Military coups in West African countries have continued to play a major role in the setbacks in democracy as it results in the suspension of the constitution, absence of elections, the use of decrees and political instability. In recent times a series of coup d’état has been noted in the French-speaking West African countries from Chad, Mali, Guinea Conakry, and now in Burkina Faso.

In 2021, tension rose in Burkina Faso as the populace continued to resist bad governance, demanding the resignation of their president, Roch Christian Kaboré as he was alleged to be incapable of tackling Islamist insurgency that has eaten up the peace of the nation. Protest actions owing to the increase in deadly attacks by armed terrorists became a trend in the country as several demonstrations were sparked by dissatisfaction with president Roch’s administration and his alleged weak reactions over issues of national interest, particularly insecurity.

On Monday, 24 January 2022, the Burkinabe army under the Patriotic Movement for Protection and Restoration (MPSR) announced that it had ousted President Roch Kabore following a coup d’etat on Sunday, 23 January 2022 when the president was arrested and placed under the custody of the military. The president of the institution (MPSR) Paul-Henri Damimba Sangadogo was confirmed as the leader of the coup as he finally took over the seat as the interim president of Burkina Faso and was sworn in by the Constitutional Council in Ouagadougou on 16 February 2022. This marks the seventh military putsch in Burkina Faso since its independence in 1960.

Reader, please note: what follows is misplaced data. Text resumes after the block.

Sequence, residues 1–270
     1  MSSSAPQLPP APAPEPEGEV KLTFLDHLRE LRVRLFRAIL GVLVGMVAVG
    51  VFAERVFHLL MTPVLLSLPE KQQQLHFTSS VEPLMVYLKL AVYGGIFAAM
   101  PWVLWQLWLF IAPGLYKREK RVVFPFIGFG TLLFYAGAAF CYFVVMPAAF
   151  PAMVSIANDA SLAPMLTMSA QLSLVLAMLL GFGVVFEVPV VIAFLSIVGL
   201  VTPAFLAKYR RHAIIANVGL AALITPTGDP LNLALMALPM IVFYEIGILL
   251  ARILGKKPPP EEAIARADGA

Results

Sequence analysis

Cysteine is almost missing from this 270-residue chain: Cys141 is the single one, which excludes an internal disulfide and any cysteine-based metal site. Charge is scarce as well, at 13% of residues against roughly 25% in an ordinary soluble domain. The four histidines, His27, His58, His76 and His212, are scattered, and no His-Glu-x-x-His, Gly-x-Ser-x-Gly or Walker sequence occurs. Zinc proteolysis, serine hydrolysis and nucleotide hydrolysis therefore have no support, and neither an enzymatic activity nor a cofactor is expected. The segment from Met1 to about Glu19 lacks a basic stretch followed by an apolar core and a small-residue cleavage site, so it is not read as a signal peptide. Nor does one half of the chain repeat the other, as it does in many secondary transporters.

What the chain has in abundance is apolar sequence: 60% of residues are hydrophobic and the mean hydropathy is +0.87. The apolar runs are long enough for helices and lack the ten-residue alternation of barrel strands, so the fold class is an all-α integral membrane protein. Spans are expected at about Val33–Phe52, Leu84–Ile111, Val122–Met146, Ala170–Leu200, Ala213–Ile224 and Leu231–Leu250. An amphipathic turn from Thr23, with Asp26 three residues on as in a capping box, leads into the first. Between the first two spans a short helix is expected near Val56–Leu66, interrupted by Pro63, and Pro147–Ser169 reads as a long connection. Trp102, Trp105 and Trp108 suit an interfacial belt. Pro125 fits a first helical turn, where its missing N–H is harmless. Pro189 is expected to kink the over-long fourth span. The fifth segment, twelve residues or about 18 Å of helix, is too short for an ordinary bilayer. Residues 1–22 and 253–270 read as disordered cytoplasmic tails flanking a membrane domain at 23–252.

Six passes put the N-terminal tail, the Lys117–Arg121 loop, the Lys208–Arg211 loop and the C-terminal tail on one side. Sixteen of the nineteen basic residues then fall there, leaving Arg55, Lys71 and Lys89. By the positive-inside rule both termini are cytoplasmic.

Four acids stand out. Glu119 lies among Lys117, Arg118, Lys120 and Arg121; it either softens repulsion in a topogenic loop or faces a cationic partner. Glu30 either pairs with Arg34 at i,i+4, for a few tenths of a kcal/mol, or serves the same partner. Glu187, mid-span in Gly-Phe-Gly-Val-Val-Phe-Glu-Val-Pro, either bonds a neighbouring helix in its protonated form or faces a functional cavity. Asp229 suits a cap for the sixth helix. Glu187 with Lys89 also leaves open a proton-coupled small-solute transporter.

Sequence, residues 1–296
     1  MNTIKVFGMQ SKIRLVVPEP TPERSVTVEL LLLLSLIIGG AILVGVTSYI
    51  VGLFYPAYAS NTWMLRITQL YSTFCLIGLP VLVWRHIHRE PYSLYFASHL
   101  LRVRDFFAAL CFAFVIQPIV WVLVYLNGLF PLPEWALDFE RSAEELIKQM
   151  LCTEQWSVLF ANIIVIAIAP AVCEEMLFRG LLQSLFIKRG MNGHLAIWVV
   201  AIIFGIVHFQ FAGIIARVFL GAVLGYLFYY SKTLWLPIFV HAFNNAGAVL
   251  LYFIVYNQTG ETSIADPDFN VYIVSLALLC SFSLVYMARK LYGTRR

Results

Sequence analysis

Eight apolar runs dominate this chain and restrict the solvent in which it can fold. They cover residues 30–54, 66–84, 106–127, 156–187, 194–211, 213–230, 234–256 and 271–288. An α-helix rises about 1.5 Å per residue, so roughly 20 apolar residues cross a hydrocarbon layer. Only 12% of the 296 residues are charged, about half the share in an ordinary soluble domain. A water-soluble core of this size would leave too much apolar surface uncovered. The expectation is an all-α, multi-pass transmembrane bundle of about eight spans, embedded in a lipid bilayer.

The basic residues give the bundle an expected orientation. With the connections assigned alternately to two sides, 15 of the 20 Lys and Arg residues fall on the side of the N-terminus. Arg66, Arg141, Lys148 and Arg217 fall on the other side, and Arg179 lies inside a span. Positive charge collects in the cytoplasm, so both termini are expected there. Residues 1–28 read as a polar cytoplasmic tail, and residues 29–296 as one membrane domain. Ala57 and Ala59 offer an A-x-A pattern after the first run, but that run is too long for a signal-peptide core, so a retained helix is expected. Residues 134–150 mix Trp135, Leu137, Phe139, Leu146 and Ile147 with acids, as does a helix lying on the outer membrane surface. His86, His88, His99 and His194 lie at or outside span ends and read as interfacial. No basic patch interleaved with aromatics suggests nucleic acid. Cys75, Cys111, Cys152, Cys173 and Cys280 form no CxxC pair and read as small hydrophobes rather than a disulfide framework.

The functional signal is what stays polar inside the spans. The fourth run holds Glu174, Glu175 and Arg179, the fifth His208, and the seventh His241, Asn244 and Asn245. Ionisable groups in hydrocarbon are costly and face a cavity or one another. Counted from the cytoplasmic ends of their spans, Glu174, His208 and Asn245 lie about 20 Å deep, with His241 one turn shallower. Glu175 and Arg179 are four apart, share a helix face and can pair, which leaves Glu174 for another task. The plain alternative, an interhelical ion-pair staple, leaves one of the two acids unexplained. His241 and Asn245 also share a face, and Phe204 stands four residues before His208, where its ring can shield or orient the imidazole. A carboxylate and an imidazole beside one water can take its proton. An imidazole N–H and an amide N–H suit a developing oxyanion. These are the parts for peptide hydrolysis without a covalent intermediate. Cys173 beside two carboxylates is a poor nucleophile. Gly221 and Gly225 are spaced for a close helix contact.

The coup came with much support from the population of Burkina Faso, who demonstrated showing support to the military junta. Consequently, it was condemned by international partners and the sub-regional authority (ECOWAS) that banned the country from the organization, without sanctions. While the country has witnessed a change in their political environment, it should be recalled that insecurity that has plagued the country since 2015 is one of the major factors that resulted in the fight against the democratic government.

With the negative effects posed by a military coup in the country’s political scene, Burkina Faso remains on the verge of experiencing further political instability as the process to be taken in restoring constitutional order and power to a civilian rule is subject to discord between the parties involved.

The intense need to ameliorate security in the country could be met with the military in power, however, the required assistance from foreign forces is likely to be far fetched because an illegal overthrow of power by the Burkina army has been highly condemned by international institutions such as; the ECOWAS, African Union, and the La francophone, thereby making the chances of receiving economic, security, financial and humanitarian assistance low. This can only be reassured when the military hands over power back to the civilian.

Although ECOWAS suspended Burkina Faso from its organization without sanctions and called on the military junta to propose a date to return power to democratic rule.  A delay in fixing a date for the restoration of democracy may invoke sanctions from the sub-regional authorities.